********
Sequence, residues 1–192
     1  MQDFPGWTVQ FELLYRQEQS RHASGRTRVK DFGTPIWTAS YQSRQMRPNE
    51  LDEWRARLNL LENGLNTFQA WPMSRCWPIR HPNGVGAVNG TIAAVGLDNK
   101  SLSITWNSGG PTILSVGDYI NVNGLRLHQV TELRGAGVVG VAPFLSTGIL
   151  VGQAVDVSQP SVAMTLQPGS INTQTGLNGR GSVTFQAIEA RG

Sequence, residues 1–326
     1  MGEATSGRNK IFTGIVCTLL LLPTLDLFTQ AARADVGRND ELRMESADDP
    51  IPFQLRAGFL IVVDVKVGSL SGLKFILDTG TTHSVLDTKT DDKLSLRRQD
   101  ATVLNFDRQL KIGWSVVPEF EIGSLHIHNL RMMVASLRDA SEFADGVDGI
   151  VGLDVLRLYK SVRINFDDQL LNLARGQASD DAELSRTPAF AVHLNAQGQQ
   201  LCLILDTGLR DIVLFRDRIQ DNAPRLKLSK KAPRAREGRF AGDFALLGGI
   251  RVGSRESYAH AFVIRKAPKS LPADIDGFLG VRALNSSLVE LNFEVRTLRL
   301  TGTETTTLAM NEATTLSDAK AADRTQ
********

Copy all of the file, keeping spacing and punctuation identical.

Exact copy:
Sequence, residues 1–192
     1  MQDFPGWTVQ FELLYRQEQS RHASGRTRVK DFGTPIWTAS YQSRQMRPNE
    51  LDEWRARLNL LENGLNTFQA WPMSRCWPIR HPNGVGAVNG TIAAVGLDNK
   101  SLSITWNSGG PTILSVGDYI NVNGLRLHQV TELRGAGVVG VAPFLSTGIL
   151  VGQAVDVSQP SVAMTLQPGS INTQTGLNGR GSVTFQAIEA RG

Sequence, residues 1–326
     1  MGEATSGRNK IFTGIVCTLL LLPTLDLFTQ AARADVGRND ELRMESADDP
    51  IPFQLRAGFL IVVDVKVGSL SGLKFILDTG TTHSVLDTKT DDKLSLRRQD
   101  ATVLNFDRQL KIGWSVVPEF EIGSLHIHNL RMMVASLRDA SEFADGVDGI
   151  VGLDVLRLYK SVRINFDDQL LNLARGQASD DAELSRTPAF AVHLNAQGQQ
   201  LCLILDTGLR DIVLFRDRIQ DNAPRLKLSK KAPRAREGRF AGDFALLGGI
   251  RVGSRESYAH AFVIRKAPKS LPADIDGFLG VRALNSSLVE LNFEVRTLRL
   301  TGTETTTLAM NEATTLSDAK AADRTQ